This also means that European companies will most likely need to follow the US with its export bans, at least as far as high-end semiconductors are concerned. The US leverage, beyond its geopolitical weight, comes from its dominance of the upstream part of the chip value chain, the design, and the fact that many European semiconductor companies have factories in the US.


The last important consideration is Taiwan’s role in the great power competition between the US and the Chinese Mainland. Given the massive concentration of chip production in one single company, TSMC, and Taiwan’s delicate position as President Xi’s aims at reunification, the EU should step up its contingency planning to ensure the resilience of its supply chain. Such plans may need to include production of high-end chips in Europe or securing delivery from other parts of the world, such as South Korea.


ZhōngHuá Mundus is a newsletter by Bruegel, bringing you monthly analysis of China in the world, as seen from Europe.

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This is an output of China Horizons, Bruegel's contribution in the project Dealing with a resurgent China (DWARC). This project has received funding from the European Union’s HORIZON Research and Innovation Actions under grant agreement No. 101061700.

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About the authors

  • Alicia García-Herrero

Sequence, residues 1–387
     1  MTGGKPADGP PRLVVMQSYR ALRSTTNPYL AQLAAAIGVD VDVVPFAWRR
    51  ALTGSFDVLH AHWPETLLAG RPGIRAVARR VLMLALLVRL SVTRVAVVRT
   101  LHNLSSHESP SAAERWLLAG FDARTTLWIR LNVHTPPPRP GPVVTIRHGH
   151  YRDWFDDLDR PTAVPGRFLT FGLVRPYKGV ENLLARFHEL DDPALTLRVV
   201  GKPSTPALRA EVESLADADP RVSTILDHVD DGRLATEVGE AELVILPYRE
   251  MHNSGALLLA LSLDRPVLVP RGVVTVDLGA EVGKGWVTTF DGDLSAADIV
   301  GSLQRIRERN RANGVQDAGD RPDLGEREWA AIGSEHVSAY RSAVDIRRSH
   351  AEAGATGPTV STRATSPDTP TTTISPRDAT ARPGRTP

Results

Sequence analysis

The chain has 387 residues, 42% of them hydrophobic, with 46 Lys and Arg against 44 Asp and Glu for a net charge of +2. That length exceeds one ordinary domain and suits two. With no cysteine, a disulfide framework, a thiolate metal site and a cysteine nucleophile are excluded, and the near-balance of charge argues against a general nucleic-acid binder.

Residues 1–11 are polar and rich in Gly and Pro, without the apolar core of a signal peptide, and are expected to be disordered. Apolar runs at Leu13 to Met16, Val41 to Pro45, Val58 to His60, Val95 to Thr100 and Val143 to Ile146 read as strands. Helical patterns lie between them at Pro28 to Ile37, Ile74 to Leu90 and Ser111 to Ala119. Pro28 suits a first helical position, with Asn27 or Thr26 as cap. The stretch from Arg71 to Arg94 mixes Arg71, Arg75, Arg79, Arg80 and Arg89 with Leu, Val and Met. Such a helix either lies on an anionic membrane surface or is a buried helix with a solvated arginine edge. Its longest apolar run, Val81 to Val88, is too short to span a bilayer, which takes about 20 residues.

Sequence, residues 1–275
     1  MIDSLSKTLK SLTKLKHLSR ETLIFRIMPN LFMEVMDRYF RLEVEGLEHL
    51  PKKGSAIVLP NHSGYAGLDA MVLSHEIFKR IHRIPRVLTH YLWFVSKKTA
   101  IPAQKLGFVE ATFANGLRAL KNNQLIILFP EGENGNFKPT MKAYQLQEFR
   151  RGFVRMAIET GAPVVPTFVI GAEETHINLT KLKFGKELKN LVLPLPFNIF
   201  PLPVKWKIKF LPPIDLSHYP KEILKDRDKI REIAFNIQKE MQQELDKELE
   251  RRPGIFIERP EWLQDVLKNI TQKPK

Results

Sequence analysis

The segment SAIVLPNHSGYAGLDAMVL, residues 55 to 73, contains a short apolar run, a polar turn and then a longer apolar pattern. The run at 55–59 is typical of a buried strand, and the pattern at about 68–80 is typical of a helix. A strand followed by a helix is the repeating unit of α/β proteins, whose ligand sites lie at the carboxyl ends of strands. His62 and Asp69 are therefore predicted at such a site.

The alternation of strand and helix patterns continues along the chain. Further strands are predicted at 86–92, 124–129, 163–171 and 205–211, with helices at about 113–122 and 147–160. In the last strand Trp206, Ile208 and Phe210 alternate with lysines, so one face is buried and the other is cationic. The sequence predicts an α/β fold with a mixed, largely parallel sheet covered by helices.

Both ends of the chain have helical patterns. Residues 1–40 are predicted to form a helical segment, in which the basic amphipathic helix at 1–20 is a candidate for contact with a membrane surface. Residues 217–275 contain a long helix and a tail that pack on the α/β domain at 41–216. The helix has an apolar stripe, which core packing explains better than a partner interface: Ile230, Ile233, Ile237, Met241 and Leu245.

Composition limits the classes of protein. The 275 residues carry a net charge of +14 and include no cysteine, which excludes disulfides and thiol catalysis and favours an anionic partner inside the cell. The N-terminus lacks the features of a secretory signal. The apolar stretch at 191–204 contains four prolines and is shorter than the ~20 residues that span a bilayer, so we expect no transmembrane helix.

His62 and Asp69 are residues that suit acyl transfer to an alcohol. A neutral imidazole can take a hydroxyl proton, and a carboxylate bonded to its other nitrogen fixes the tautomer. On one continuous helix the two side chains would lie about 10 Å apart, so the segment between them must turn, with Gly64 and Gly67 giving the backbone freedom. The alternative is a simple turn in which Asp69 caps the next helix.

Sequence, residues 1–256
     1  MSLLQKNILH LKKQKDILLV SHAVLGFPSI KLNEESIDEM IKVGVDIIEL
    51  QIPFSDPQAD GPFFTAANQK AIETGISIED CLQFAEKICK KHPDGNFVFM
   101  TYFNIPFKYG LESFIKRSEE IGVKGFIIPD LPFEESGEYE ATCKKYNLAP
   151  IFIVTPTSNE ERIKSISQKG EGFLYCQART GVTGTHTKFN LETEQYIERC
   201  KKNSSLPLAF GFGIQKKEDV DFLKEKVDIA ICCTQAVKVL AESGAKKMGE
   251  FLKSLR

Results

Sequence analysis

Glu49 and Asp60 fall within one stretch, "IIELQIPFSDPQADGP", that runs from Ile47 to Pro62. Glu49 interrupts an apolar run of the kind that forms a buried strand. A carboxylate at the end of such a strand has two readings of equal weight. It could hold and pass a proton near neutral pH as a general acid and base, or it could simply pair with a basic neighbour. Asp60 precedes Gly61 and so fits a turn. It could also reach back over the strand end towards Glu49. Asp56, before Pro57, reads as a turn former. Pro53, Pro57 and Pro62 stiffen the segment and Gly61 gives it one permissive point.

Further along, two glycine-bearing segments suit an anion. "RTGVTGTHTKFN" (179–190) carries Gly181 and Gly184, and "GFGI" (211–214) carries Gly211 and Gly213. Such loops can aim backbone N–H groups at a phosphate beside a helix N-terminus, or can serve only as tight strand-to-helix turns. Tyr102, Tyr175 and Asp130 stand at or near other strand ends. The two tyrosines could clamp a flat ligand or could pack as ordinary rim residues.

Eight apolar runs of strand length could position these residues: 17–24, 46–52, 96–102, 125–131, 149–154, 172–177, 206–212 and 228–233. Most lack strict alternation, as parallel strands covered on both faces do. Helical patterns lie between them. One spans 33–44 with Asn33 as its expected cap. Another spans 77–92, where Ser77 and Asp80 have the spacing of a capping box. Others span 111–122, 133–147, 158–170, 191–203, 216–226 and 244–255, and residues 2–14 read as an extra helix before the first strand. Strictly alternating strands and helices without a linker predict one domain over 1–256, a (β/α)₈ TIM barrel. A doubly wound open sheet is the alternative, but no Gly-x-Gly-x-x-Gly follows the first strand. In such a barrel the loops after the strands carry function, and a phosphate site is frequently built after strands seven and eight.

Alicia García Herrero is a Senior fellow at Bruegel.

    She is the Chief Economist for Asia Pacific at French investment bank Natixis, based in Hong Kong and is an independent Board Member of AGEAS insurance group. Alicia also serves as a non-resident Senior fellow at the East Asian Institute (EAI) of the National University Singapore (NUS). Alicia is also Adjunct Professor at the Hong Kong University of Science and Technology (HKUST). Finally, Alicia is a Member of the Council of the Focused Ultrasound Foundation (FUF), a Member of the Board of the Center for Asia-Pacific Resilience and Innovation (CAPRI), a member of the Council of Advisors on Economic Affairs to the Spanish Government, a member of the Advisory Board of the Berlin-based Mercator Institute for China Studies (MERICS) and an advisor to the Hong Kong Monetary Authority’s research arm (HKIMR).

    In previous years, Alicia held the following positions: Chief Economist for Emerging Markets at Banco Bilbao Vizcaya Argentaria (BBVA), Member of the Asian Research Program at the Bank of International Settlements (BIS), Head of the International Economy Division of the Bank of Spain, Member of the Counsel to the Executive Board of the European Central Bank, Head of Emerging Economies at the Research Department at Banco Santander, and Economist at the International Monetary Fund. As regards her academic career, Alicia has served as visiting Professor at John Hopkins University (SAIS program), China Europe International Business School (CEIBS) and Carlos III University. 

    Alicia holds a PhD in Economics from George Washington University and has published extensively in refereed journals and books (see her publications in ResearchGate, Google Scholar, SSRN or REPEC). Alicia is very active in international media (such as BBC, Bloomberg, CNBC  and CNN) as well as social media (LinkedIn and Twitter). As a recognition of her thought leadership, Alicia was included in the TOP Voices in Economy and Finance by LinkedIn in 2017 and #6 Top Social Media leader by Refinitiv in 2020.